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How to use the remedies


To achieve the best results work in a calm environment where your dog has no distractions; this allows your dog to feel safe. Preferably have one or two comfortable places for your dog to lay down, such as a dog bed or sofa. Always make sure there is fresh water available.

  • Be prepared to allow your dog plenty of time to work through the remedy while processing the aromas
  • Begin in a place where your dog feels comfortable, such as near the dog’s bed or by a sofa (that can be used), and have a spare bed if possible so that your dog can distance himself away from the aromas to relax and process
  • Choose an area that can be cleaned easily, especially if offering extracts orally
  • If the room is too big, a lead may be necessary at the beginning of a session, until your dog becomes focused. In these cases keep the lead held in a relaxed manner, so, if needed, your dog can move away from the extracts
  • The session should not be interrupted, otherwise results may take longer to achieve
  • Remember that essential oils are very powerful and inhalation may be all that is needed. Don’t compare the intake of essential oil with macerates and other remedies, since they are a lot stronger
  • Never force an extract onto your dog, even if you believe it’s the right thing for them; they know best. Let your dog guide the session

If the condition is severe or acute, then offer the remedies hourly or as guided by your dog. For chronic conditions begin by offering remedies once or twice daily. This will reduce in frequency, once the condition begins to clear.

  • Sniffing
  • Smelling
  • Stillness
  • A vacant look
  • Blinking
  • Stretching
  • Closing the eyes
  • Lowering the head or lying down
  • The work is all about not rushing, and closely observing your dog.
  • Grimacing (helps open the vomeronasal organ)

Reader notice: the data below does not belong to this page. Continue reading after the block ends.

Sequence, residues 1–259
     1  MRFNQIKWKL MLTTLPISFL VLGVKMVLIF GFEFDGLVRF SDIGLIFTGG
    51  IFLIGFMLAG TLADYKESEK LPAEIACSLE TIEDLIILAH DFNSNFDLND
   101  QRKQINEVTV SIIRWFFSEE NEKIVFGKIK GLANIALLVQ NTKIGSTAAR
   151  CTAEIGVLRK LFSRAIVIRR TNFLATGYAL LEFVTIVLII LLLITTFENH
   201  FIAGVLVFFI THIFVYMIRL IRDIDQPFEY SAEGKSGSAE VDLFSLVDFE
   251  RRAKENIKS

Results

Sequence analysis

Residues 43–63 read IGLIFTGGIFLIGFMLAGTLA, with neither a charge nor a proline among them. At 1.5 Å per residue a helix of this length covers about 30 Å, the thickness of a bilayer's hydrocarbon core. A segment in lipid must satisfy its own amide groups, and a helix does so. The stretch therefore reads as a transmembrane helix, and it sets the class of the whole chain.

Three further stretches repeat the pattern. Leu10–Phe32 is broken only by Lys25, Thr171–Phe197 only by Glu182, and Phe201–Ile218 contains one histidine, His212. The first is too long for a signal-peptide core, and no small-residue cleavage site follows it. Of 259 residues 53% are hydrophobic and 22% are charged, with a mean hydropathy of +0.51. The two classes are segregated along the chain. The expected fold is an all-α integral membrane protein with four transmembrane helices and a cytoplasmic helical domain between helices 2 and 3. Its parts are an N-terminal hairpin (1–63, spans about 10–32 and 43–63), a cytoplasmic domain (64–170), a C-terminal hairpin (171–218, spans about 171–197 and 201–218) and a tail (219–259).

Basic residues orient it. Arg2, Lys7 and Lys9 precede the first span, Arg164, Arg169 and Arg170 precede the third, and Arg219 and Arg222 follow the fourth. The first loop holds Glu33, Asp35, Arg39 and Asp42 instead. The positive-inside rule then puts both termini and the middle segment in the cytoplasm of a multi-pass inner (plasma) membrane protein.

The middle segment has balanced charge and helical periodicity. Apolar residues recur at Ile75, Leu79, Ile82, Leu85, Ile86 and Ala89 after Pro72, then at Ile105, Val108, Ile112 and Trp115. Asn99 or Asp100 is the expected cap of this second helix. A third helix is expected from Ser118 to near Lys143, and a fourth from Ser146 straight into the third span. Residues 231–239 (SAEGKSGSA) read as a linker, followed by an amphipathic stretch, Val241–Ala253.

• Barking or lunging at the extract Anxious (behaviour usually signifies a release, followed by calm)
  • Jumping away quickly, or backing away from the aroma (usually indicates releasing an unpleasant memory)
  • Lack of interest, or distracted

The Ingraham Five Step Method of canine self-selection

Offering the remedies:


Spirulina and barley grass, offer dry/ wet. Liquorice root and rosehip powder, offer dry or mixed with passion flower oil^ or rice bran oil^. 25 to 50ml rice bran oil * 25 to 50ml passion flower oil *

Place all the remedies on the ground at the same time. You may also want to offer aromatic sprays(mists) that match your dog’s temperament (for more details see p.95 in the book: Help Your Dog Heal Itself).

*Offer up to 25ml of vegetable oil for a small dog and up to 50ml on larger dogs.

^Avoid all vegetable oils and macerates if your dog has pancreatitis or is prone to it.

2. Neutered

For neutered dogs offer in the following order: Sandalwood, yarrow or German chamomile, St John’s wort and wintergreen (offer hormonal oils after step 4).

3. Digestive** - Antibacterial oils**

Can help to resolve many behavioural problems even if symptoms are not apparent. Offer in the following order to assess which provides the most interest:

  • Stomach remedies: German chamomile, ginger, fennel, sweet orange
  • Antibacterials: Thyme, garlic, clove
  • Return to stomach: Black pepper, peppermint, basil
  • Return to antibacterials: Bitter almond, lemon

**The idea is to assess which provides the most interest/ benefit to your dog. Don’t forget that you may have to wait a minute after sniffing to see the reaction. With some oils a short sniff can produce big results.

4. Pain remedies

Alternate wintergreen with the macerates to help reduce intake of fatty oils. Macerates^ can be offered orally (as much as needed, if your dog is able to cope with fats, avoid all fats if prone to pancreatitis), or topically on abdomen or inside of leg. Macerated oils can be too sticky on coat.

5. Go on to behavioural oils or hormonal remedies if not offered earlier.

  • Essential oils: Avoid direct contact with the eyes. If contact is made, wipe eye with milk or vegetable oil using cotton wool (do not use water as this can irritate the eye further) 
  • If any irritation occurs to the skin, make a loose paste with green clay and water and apply to the area
  • If your dog has pancreatitis or prone to it, avoid all vegetable oils and macerates ^
  • If the is any concern that your dog has selected too much vegetable oil offer grapefruit essential oil, this is usually inhaled.

For further information and the differences between home and rescued dogs, please refer to: Help Your Dog Heal Itself by Caroline Ingraham

Cats rarely choose to ingest essential oils, preferring to inhale them, which provided positive outcomes. However, I cannot stress enough how important it is not to let a cat accidentally touch an essential oil.